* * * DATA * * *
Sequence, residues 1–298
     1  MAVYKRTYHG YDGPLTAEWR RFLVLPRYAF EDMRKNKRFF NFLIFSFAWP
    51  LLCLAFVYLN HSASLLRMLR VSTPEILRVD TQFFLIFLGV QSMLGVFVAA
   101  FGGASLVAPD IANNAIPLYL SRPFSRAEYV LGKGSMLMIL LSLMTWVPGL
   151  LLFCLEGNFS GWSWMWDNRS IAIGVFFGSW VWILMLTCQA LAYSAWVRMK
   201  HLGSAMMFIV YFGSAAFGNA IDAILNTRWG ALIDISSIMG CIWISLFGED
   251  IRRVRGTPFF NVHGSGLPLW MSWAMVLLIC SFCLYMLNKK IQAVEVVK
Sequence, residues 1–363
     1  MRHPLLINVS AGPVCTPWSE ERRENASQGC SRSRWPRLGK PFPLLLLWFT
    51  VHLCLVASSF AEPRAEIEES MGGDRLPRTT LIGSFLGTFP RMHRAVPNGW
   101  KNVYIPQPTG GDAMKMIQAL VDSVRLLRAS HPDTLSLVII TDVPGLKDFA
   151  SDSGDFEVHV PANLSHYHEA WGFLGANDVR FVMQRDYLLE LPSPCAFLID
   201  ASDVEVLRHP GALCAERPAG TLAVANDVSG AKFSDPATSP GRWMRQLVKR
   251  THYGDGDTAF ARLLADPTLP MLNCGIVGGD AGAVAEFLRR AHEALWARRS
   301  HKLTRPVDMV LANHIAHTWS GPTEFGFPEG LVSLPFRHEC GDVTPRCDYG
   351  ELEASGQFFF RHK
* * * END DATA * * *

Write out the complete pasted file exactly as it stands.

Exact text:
Sequence, residues 1–298
     1  MAVYKRTYHG YDGPLTAEWR RFLVLPRYAF EDMRKNKRFF NFLIFSFAWP
    51  LLCLAFVYLN HSASLLRMLR VSTPEILRVD TQFFLIFLGV QSMLGVFVAA
   101  FGGASLVAPD IANNAIPLYL SRPFSRAEYV LGKGSMLMIL LSLMTWVPGL
   151  LLFCLEGNFS GWSWMWDNRS IAIGVFFGSW VWILMLTCQA LAYSAWVRMK
   201  HLGSAMMFIV YFGSAAFGNA IDAILNTRWG ALIDISSIMG CIWISLFGED
   251  IRRVRGTPFF NVHGSGLPLW MSWAMVLLIC SFCLYMLNKK IQAVEVVK
Sequence, residues 1–363
     1  MRHPLLINVS AGPVCTPWSE ERRENASQGC SRSRWPRLGK PFPLLLLWFT
    51  VHLCLVASSF AEPRAEIEES MGGDRLPRTT LIGSFLGTFP RMHRAVPNGW
   101  KNVYIPQPTG GDAMKMIQAL VDSVRLLRAS HPDTLSLVII TDVPGLKDFA
   151  SDSGDFEVHV PANLSHYHEA WGFLGANDVR FVMQRDYLLE LPSPCAFLID
   201  ASDVEVLRHP GALCAERPAG TLAVANDVSG AKFSDPATSP GRWMRQLVKR
   251  THYGDGDTAF ARLLADPTLP MLNCGIVGGD AGAVAEFLRR AHEALWARRS
   301  HKLTRPVDMV LANHIAHTWS GPTEFGFPEG LVSLPFRHEC GDVTPRCDYG
   351  ELEASGQFFF RHK